Great Violinists And Pianists eBook

This eBook from the Gutenberg Project consists of approximately 224 pages of information about Great Violinists And Pianists.
out the slightest gradations of tone from the fullest forte to the softest piano, to mark all kinds of strong and gentle accents, to execute staccato, legato, saltato, and arpeggio passages with the greatest ease and certainty.  The French school of violin-playing did not at first avail itself of these advantages, and even Viotti and Spohr did not fully grasp the new resources of execution.  It was left for Paganini to open a new era in the art.  His daring and subtile genius perceived and seized the wonderful resources of the modern bow at one bound.  He used freely every imaginable movement of the bow, and developed the movement of the wrist to that high perfection which enabled him to practice all kinds of bowing with celerity.  Without the Tourte bow, Paganini and the modern school of virtuosos, which has followed so splendidly from his example, would have been impossible.  To many of our readers an amplification of this topic may be of interest.  While the left hand of the violin-player fixes the tone, and thereby does that which for the pianist is already done by the mechanism of the instrument, and while the correctness of his intonation depends on the proficiency of the left hand, it is the action of the right hand, the bowing, which, analogous to the pianist’s touch, makes the sound spring into life.  It is through the medium of the bow that the player embodies his ideas and feelings.  It is therefore evident that herein rests one of the most important and difficult elements of the art of violin-playing, and that the excellence of a player, or even of a whole school of playing, depends to a great extent on its method of bowing.  It would have been even better for the art of violin-playing as practiced to-day that the perfect instruments of Stradiuarius and Guarnerius should not have been, than that the Tourte bow should have been uninvented.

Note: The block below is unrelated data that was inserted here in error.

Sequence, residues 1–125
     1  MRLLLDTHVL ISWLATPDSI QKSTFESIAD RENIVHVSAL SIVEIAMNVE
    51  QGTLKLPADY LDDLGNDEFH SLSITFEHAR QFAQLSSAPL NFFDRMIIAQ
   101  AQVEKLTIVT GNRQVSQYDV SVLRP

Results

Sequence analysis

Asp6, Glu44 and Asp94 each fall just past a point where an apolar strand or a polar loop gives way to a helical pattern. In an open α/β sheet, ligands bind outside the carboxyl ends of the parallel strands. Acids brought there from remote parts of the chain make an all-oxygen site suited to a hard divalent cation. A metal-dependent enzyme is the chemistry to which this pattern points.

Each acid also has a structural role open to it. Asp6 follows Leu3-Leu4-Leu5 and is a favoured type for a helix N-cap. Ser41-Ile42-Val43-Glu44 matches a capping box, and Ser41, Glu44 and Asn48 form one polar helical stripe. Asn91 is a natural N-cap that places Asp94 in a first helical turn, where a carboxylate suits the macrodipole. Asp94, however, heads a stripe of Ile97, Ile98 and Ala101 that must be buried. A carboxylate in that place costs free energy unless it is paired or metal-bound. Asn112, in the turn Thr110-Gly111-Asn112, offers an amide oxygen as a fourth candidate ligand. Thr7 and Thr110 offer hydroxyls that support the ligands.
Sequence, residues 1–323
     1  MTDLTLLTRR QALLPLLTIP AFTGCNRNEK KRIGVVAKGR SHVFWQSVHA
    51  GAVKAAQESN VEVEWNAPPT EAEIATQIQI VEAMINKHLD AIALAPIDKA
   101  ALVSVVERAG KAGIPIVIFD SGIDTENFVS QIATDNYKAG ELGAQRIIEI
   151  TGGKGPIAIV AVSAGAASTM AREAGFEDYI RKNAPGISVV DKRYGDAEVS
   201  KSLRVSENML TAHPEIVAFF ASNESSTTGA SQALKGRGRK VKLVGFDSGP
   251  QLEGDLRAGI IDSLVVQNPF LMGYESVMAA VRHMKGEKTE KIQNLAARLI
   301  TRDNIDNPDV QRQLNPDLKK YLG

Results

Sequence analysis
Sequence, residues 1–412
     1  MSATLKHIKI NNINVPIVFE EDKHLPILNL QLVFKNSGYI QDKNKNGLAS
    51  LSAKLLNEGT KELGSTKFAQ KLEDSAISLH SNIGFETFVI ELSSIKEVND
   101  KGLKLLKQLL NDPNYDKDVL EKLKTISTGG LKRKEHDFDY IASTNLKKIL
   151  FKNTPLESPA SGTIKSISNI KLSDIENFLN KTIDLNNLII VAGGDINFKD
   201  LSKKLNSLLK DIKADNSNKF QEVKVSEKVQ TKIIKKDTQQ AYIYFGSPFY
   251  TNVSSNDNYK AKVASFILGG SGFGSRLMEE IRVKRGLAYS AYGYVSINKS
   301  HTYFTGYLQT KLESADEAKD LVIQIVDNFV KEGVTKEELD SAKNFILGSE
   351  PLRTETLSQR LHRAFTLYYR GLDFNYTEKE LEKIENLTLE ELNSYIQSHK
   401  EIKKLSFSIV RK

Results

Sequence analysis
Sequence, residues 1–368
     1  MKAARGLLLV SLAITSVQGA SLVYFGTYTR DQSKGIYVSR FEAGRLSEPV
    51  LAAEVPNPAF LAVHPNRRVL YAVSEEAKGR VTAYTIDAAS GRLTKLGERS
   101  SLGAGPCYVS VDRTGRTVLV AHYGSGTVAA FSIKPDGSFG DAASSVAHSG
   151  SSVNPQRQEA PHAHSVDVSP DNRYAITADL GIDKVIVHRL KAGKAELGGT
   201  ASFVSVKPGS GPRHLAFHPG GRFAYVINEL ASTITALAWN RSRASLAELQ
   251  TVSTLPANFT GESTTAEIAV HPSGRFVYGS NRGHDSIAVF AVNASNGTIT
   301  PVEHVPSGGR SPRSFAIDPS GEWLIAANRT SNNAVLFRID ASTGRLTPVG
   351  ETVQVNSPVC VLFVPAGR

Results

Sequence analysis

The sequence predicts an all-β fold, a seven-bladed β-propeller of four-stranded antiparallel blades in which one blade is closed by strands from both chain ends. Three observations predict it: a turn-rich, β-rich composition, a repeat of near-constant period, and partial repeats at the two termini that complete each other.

The long, effective sweep of the bow was one of the characteristics of Viotti’s playing, and was alike the admiration and despair of his rivals.  His compositions for the violin are classics, and Spohr was wont to say that there could be no better test of a fine player than his execution of one of the Viotti sonatas or concertos.  Spohr regretted deeply that he could not finish his violin training under this great master, and was wont to speak of him in terms of the greatest admiration.  Viotti had but few pupils, but among them were a number of highly gifted artists.  Rode, Robrechts, Cartier, Mdlle.  Gerbini, Alday, La-barre, Pixis, Mari, Mme. Paravicini, and Vacher are well-known names to all those interested in the literature of the violin.  The influence of Viotti on violin music was a very deep one, not only in virtue of his compositions, but in the fact that he molded the style not only of many of the best violinists of his own day, but of those that came after him.

LUDWIG SPOHR.

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Great Violinists And Pianists from Project Gutenberg. Public domain.
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